3. Enjoy it…even when it is tough. Writing is fun for me. Most days I would lose track of time researching, writing and creating. I thoroughly enjoy doing it–most of the time. Of course, there were days when I did not want to touch my computer, think about my characters or even write one sentence. Yes, sometimes that meant I just needed to take a day off of it. Other times I would force myself to go to work. I would intentionally tell myself that I was enjoying it, and after a little while I was! The mind is powerful and if you willfully choose to enjoy something, it can become enjoyable. Sometimes that meant skipping a section I was stuck on, realizing that I would return to it another time. Other times that meant powering through and getting something on the page, knowing that I would probably have to come back and edit it later. Other times the spark would start a fire and my fingers were off to the races on the keyboard.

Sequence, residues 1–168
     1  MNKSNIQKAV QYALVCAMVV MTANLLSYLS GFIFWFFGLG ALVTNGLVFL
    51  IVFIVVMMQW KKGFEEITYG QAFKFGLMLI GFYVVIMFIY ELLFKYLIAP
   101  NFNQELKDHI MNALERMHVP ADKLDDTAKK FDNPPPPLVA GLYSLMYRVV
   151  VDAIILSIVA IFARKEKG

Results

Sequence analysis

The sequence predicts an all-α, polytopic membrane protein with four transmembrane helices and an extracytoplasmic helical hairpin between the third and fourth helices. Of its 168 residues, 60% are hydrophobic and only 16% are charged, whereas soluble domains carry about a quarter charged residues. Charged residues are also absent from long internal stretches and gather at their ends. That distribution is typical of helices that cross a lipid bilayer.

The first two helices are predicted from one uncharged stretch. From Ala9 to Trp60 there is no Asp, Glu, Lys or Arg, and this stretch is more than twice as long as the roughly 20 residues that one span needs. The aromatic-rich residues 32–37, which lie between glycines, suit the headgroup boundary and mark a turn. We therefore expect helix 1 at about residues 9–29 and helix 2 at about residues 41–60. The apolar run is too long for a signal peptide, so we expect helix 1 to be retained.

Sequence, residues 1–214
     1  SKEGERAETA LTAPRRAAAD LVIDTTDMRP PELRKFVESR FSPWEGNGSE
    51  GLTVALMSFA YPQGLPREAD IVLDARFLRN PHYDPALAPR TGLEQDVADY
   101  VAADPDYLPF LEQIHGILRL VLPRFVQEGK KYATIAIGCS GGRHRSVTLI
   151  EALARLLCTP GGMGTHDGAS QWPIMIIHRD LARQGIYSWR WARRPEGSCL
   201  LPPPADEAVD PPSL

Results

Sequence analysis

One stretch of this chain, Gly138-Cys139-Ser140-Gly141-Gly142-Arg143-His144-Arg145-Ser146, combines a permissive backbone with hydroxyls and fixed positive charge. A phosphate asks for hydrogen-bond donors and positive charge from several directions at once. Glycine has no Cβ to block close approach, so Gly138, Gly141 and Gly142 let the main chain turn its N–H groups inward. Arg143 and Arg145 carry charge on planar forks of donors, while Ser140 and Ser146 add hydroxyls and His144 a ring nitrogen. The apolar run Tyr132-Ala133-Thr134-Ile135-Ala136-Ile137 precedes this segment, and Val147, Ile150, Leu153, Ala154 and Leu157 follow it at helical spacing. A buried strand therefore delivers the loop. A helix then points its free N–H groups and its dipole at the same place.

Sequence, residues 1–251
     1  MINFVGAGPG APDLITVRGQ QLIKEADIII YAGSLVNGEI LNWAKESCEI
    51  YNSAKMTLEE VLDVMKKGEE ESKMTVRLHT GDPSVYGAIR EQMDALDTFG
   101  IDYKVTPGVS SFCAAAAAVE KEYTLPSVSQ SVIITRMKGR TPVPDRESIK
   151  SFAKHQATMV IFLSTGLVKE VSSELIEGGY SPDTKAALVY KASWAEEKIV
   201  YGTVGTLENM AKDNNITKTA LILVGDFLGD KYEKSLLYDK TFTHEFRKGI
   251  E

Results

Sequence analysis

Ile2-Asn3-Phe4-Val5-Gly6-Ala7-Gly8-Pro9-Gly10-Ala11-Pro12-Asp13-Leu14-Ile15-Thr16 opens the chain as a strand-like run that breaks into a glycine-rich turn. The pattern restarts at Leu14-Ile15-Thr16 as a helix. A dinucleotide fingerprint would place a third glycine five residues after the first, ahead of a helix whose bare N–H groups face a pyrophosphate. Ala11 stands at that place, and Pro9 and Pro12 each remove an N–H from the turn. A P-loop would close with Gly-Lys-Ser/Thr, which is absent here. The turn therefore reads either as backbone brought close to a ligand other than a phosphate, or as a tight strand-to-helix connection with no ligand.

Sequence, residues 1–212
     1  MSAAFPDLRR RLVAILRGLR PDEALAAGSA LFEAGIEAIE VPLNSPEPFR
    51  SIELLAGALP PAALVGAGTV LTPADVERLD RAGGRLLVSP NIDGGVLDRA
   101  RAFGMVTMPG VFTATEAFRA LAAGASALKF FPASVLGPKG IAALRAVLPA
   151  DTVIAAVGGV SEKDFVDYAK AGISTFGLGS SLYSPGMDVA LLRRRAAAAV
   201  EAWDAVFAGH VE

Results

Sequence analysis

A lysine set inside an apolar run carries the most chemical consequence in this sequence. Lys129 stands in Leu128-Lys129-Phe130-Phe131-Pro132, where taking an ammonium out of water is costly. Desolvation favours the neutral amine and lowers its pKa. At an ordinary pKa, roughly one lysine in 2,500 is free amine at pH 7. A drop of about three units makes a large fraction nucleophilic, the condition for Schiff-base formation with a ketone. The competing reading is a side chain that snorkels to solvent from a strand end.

4. Pay attention to life and take notes. There were so many times that people in my life and things that happened to me gave me ideas for my book and ideas for future writing.  Interactions between people at work, conversations with customers, issues that came up at home or things I saw on TV or heard on the radio influenced how and what I would write that day. Writing a book helped me open my eyes and see day-to-day experiences from a whole different viewpoint. I would ask myself: How can I use this in my book? For example, the scene in my book where Goliath is beheaded was influenced by a conversation with one of my coworkers who witnessed a beheading when he was stationed in the Middle East. Certain personality traits of my characters have been drawn from people I met in my life journey. Bits and pieces of the book developed out of real-life observations. The world is a classroom for writing. I am constantly picking up new and interesting insights that help me as a writer. I just have to have a notebook with me at all times so I can write them down!